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Author Topic: High UV now here  (Read 1153 times)
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jaga
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« on: December 26, 2015, 03:46:30 »

Hi all , its very high UV now so this year I have made a effort to remove my vriesea creations off our roof today. Plants were getting very stressed with colour washing out so moved in the nick of time. Last year they were left to February with some serious burn damage.
Its also a good chance to give them a annual wash out and see what's worth keeping.

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This ones very close!
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Another only days away
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Have more to shift so better carry on,  cheers Jaga.
« Last Edit: December 26, 2015, 04:03:08 by jaga » Logged
chefofthebush
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« Reply #1 on: December 26, 2015, 19:10:05 »

Good idea John & Agatha!

But where did you move them from and what are they under now. Under fiberglass or shade-net?

I am considering suspending shade net from my house gutters to the boundary wall. My Tillies would object! but I am sure I could get away with a 20 - 25% net without harming my Tillies too much.

Conrad
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splinter1804
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« Reply #2 on: December 26, 2015, 20:23:03 »

Hi everyone - I'm glad to see you posting again Jaga, I thought we'd lost you to Face Book also.

We've been having the most unpredictable weather I've ever seen here, hot summer weather one day  and cool autumn weather the next. My plants in the front garden copped a thrashing in late November with an out of character scorcher. The weather was around 13-17 degrees and unusually cool for that time of year and then out of nowhere comes a couple of days at 37 -39 degrees followed by more days in the 19 - 21 range . It had been forecast so I erected some temporary shade cloth as a precaution but even that didn't help and many plants were badly scorched.

The foliage of the Neo's really copped a pasting but what was unexpected were the Ae blanchetianas which copped it as well; this surprised me as these are grown in the open in tropical Nth Queensland with no problems. I'm beginning to think now that the high temperatures aren't as much the enemy as the sudden variation in temperature and the plants just don't have time to adjust to the sudden change and this is why the damage occurs. Surprisingly the Vrieseas stood up pretty well with just the occasional leaf burns.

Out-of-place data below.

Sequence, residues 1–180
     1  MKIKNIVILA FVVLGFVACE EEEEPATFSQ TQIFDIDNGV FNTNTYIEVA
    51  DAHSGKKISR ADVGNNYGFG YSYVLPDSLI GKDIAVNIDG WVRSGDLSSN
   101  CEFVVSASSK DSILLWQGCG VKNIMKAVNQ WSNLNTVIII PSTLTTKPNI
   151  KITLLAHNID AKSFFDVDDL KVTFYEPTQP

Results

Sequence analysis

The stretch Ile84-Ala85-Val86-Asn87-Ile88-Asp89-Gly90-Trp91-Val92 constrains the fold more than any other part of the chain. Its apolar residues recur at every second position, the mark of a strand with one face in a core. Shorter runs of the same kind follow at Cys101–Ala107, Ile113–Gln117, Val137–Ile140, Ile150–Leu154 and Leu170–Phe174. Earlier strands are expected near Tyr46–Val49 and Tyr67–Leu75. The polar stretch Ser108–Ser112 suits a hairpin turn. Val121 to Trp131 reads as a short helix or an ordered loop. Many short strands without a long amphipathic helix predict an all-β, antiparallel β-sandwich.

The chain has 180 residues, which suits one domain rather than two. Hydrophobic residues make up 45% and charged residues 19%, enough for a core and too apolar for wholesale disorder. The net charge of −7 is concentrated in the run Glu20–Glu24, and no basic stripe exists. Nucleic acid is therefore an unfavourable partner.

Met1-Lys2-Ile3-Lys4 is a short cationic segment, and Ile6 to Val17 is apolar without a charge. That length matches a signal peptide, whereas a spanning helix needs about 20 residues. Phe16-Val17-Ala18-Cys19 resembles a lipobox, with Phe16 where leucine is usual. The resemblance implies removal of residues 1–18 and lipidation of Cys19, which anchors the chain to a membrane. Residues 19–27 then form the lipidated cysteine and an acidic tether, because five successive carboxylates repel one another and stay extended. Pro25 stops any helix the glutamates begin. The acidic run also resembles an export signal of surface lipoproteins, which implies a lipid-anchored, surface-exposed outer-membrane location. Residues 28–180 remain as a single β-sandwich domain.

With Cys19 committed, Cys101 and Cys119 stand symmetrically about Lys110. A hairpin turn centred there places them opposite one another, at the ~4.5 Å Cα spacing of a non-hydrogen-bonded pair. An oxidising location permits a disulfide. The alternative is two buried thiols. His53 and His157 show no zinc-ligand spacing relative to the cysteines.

What the high out of season temperatures have done though is to stress the plants to the extent that it has forced flowering. I have one Vr. Phillipo-coburgii just producing seeds from a couple of previous flower spikes and it is now producing eight (out of season) more spikes. Another clump of Vriesea in the garden which has only ever produced one or two flower spikes at a time has seven at present and along the rear garden bed there are six large seed grown blanchetianas and they too are showing flower spikes two of which are about six feet high. This all sounds great but they don't look too good with the accompanying burn damage and discoloured foliage.

I guess this is all a sign of more to come with the "climate change" we hear so much about, but it's certainly not something I'm looking forward to.

All the best, Nev.
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jaga
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« Reply #3 on: December 26, 2015, 23:56:43 »

Greetings all. Conrad, image below shows space on roof where vriesea s were. Now safely away under the shade cloth just behind.
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Nev you do seem to have more extreme weather there, ours has had a gradual increase in temps and UV but is now extreme. The Neos you see generally can tolerate it as they are mostly the ones with Skotak tiger as one of the parents.
Sorry about not commenting much recently, been busy sorting our guest bathroom, then held family Xmas at our place.

Cheers Jaga.
« Last Edit: December 27, 2015, 00:03:03 by jaga » Logged
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